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in the following.

5-1-1- Measures which require the reference image such as:

-

Spectral angle mapper (SAM) [112], which calculates the angle between the corresponding pixels of the fused and the reference image.

The root mean square error (RMSE), which is the root mean square difference between the

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-

-

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reference and the fused image.

The Erreur Relative Globale Adimensionnelle de Synthèse (ERGAS) [113], which is

-

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composed by a sum of RMSE values. The universal image quality index or Q-index [114], which comprises an estimate of

Q4 vector index [115], which is a vector extension of the Q-index and used for datasets

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-

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correlation coefficient and the differences in the mean luminance and in the contrast.

composed by four spectral bands.

-

Q2n-index [116], which is a generalization of Q4-index for images with a number of spectral bands greater than four.

Some other metrics are mean bias, percentage fit error, SNR, peak signal to noise ratio, correlation coefficient, mutual information, and structural similarity index measure.

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An efficient tool to assess the geometrical performance in fusion, through the analysis of the quality of selected contours, is the modulation transfer function (MTF) [117]. The MTF is the modulus of the Fourier transform of the point spread function (PSF) [118] which is an important characteristic of optical instruments. MTF describes the image quality in terms of contrast as a function of spatial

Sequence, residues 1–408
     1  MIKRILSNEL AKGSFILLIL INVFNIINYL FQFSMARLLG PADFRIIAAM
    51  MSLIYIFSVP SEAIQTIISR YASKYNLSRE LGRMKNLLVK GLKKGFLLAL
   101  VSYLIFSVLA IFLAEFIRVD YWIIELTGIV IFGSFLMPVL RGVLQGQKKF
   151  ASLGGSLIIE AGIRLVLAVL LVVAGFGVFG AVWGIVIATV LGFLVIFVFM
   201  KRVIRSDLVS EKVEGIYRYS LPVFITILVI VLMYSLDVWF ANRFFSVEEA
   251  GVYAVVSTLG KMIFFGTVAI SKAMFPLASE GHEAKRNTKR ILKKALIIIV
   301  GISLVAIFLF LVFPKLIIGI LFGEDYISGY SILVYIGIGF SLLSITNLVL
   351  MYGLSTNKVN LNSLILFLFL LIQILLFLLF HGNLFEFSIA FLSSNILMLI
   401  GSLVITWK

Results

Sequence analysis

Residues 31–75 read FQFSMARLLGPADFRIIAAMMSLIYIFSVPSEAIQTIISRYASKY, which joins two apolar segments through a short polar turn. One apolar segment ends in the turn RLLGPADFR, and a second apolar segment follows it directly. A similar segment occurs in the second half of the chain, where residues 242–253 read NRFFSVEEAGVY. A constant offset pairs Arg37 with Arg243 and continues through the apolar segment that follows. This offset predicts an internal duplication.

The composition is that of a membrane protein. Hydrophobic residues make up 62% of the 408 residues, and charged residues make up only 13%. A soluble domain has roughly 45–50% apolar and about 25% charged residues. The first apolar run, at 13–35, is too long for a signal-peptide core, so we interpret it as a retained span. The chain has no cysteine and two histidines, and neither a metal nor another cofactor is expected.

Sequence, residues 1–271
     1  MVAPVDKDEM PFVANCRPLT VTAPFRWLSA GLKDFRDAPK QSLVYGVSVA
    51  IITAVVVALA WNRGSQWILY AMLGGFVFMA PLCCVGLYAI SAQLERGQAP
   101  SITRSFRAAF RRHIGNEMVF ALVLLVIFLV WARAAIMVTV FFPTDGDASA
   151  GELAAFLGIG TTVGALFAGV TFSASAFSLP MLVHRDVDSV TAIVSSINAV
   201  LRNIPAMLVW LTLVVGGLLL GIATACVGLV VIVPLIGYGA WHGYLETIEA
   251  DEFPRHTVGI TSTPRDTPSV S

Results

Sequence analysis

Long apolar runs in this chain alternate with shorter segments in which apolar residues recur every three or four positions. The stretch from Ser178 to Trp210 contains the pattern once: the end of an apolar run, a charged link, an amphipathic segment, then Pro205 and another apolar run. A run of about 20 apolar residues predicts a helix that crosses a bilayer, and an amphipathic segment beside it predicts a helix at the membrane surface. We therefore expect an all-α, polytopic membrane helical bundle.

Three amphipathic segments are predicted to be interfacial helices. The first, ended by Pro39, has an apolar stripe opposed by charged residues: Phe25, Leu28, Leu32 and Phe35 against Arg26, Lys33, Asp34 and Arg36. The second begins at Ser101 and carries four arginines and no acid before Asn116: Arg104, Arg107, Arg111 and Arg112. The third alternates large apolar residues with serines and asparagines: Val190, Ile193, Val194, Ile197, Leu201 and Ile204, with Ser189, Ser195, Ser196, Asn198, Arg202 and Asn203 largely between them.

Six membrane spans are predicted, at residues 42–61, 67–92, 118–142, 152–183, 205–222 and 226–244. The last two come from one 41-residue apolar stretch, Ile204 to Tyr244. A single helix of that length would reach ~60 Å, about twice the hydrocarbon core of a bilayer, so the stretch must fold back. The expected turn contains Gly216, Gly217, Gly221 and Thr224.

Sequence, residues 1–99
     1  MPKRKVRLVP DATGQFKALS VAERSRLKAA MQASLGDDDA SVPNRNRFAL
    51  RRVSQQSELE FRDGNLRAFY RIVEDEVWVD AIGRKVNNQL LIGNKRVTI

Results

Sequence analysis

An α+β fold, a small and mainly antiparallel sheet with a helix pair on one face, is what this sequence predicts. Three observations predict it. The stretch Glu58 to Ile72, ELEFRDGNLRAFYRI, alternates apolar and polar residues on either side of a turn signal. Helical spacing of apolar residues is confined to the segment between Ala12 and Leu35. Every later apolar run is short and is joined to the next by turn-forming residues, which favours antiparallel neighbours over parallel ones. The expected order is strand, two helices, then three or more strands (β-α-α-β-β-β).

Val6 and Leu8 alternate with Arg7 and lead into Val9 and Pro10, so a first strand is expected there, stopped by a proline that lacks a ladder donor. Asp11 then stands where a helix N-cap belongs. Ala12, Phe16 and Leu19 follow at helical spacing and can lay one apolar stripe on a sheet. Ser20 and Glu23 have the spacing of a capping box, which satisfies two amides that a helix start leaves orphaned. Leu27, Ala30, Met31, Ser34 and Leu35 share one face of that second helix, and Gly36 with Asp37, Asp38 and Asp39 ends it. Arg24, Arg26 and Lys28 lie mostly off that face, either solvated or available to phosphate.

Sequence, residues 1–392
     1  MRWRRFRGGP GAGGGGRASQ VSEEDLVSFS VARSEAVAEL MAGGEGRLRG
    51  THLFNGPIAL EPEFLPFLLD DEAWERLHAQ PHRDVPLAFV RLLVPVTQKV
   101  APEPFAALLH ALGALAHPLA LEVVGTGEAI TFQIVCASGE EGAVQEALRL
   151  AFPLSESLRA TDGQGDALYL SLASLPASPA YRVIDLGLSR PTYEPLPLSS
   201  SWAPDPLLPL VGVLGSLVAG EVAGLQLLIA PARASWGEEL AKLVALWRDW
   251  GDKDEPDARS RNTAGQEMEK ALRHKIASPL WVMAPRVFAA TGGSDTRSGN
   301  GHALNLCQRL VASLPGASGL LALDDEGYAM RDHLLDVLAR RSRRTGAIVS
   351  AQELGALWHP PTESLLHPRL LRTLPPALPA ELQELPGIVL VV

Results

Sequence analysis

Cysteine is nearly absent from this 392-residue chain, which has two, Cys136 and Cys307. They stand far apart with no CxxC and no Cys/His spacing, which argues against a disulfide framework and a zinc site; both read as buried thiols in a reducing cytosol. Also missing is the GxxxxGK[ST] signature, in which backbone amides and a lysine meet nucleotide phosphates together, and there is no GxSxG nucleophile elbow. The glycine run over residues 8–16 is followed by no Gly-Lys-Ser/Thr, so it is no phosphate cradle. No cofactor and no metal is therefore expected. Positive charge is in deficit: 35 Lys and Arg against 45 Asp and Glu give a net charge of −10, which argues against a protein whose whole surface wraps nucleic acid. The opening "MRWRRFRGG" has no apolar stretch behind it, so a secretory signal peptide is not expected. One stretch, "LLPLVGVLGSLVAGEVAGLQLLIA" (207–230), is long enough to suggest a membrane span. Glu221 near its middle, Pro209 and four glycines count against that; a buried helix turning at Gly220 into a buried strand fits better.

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frequency. The MTF of MS and PAN images are different from each other due to their different sampling rates. This difference must take into account when the fused image is synthesized at the PAN spatial resolution. The MTF of fused image can be estimated and compared with that of reference image to quantify the geometrical quality of the synthesized image.

-

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5-1-2- Measures which do not require the reference image such as:

Quality with no reference (QNR) index [119], which quantifies the spectral and spatial distortions, composed by the product, weighted by some coefficients, of two separate values. Standard deviation

-

Entropy and cross entropy

-

Spatial frequency

-

Fusion mutual information

-

Fusion quality index

-